Everyone makes them (some of us more compulsively than others): scribbled on post-it notes, or kept mentally in our imaginations we all make lists. And we’re not the only ones either; lists have been around for a long time possibly since the first writing systems and certainly since Sumerian scribes began to keep accounts in the fourth millennium BC in Mesopotamia. So what is it about the beauty of a list its numerical order, hierarchy, completeness that makes them such a part of how we like to categorise, order and understand the world?
An exhibition opening at the Louvre on 7 November may provide some insight into this intriguing subject, with its collection of lists ranging from some of the earliest known lists from Mesopotamian scribes, to modern hand-written lists from the Louvre archives. The name of the exhibition ‘Mille e Tre‘ (One thousand and three) is itself a reference to another famous list: it’s the number of Don Giovanni’s lovers in Mozart’s opera.
‘Mille e Tre‘ is part of a series of events and exhibitions at the Louvre called ‘The Vertigo of Lists‘, which is the brainchild of Italian writer and philosopher Umberto Eco. He is the latest personality to be invited to be ‘guest curator’ at the Louvre for one year and ‘The Vertigo of Lists‘ runs from 2 November to 13 December 2009.
The thinking behind this series of events is that vertigo, or dizziness, is what we feel when we are ‘faced with the impossibility of ordering our world’. Presumably Mr Eco isn’t just talking about making a shopping list here. Apparently lists also represent our need to ‘enumerate, to cite, to count, to classify, to record, to memorize’.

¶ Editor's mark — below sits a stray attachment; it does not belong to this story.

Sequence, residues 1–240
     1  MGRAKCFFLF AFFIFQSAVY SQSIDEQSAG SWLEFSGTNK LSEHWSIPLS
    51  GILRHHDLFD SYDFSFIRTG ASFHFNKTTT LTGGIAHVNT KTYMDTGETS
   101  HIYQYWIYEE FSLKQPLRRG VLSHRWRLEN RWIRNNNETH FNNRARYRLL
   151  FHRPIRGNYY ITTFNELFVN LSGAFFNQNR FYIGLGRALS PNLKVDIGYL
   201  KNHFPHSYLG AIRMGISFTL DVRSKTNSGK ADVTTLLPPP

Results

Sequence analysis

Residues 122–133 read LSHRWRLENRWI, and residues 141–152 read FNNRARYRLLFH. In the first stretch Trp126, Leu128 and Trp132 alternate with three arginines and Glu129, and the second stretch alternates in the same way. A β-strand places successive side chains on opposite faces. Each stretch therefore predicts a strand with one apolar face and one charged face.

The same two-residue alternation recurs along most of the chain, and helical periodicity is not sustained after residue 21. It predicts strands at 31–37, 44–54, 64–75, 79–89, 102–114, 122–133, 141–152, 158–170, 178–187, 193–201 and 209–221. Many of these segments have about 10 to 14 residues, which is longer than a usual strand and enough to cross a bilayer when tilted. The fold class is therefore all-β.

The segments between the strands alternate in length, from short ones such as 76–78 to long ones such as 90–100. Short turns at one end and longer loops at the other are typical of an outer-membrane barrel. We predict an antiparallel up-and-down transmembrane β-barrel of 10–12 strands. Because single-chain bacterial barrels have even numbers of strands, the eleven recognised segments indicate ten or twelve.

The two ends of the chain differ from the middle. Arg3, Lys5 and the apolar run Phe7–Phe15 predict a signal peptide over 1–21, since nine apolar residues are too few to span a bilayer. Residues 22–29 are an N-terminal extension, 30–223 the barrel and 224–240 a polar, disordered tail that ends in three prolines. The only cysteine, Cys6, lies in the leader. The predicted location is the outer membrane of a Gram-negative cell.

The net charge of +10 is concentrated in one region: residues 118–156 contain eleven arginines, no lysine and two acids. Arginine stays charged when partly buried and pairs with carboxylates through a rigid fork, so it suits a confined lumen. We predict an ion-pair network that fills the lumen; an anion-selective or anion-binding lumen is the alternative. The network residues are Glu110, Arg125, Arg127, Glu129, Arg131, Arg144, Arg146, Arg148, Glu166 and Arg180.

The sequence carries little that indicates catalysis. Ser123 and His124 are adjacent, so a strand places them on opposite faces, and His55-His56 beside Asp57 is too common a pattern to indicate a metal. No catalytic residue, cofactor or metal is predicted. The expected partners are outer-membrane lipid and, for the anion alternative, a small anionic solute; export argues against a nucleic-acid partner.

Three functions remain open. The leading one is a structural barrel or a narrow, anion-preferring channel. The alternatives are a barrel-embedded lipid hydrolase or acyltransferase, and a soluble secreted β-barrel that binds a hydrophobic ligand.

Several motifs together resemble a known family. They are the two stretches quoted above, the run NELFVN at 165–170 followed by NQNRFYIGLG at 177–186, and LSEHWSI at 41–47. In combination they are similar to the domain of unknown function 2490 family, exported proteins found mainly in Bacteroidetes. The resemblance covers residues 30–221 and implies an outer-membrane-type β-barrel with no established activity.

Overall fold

The exhibition Mille e Tre shows how lists have been around since antiquity: buried in tombs, naming gods or ancestors, commemorating athletes or treaties, and publicising the spoils of war. As well as a special exhibition area dedicated to Mille e Tre, other permanent exhibits at the Louvre will be specially sign-posted as part of the exhibition trail. Some of the older exhibits on display include:
A Sumerian Library Catalogue
A clay tablet dating from the start of the second millennium BC is actually a list of literary texts from a Sumerian library. It originates from Nippur (in ancient Mesopotamia, modern-day lower Iraq), which was one of the most important Sumerian cities.
An Inscribed Tablet
Mesopotamian literature was also applied to science and was used by scholars to catalogue types of plants and substances. This inscribed tablet in terracotta is an example.
The records of Thutmose III
The inscribed sandstone blocks from a wall at the Temple of Amun, Karnak, give a list of triumphs and booty brought back for the king during the reign of Thutmose III (1479-1425 BC).
The inscriptions reads: Account of booty in this town and among the troops of this miserable prince of the town of Tunip:
Prince of this town: 1
Silver: 100 dben (= 9 kg)
Gold: 100 dben (= 9 kg)
Lapis lazuli, turquoise and bronze vessels.
Further ancient lists can be found at the Louvre in rooms 5, 12 and 23 of the Department of Egyptian Antiquities and, in display case 16 of room 3 in the Department of Near Eastern Antiquities, in the Code of Hammurabi.
According to the curator of Mille e Tre, Marie-Laure Bernadac, the list is a powerful and symbolic concept for modern artists and some of the modern pieces in the exhibition include wallpaper, a list of disappeared people and a book listing all the inhabitants of the Louvre. Called ‘Les Habitants du Louvre‘, the book lists all the people who currently work at the Louvre (about 2,000 people) as well as the 2,500 artists whose work is displayed there. It is on sale at the museum bookshop.
Umberto Eco is well known for his theories on semiotics and his novel The Name of the Rose. Past guest curators at the Louvre have included Robert Badinter (French criminal lawyer and anti-death penalty campaigner), US novelist Toni Morrison, Anselm Kiefer (a German painter and sculptor) and French classical music composer Pierre Boulez.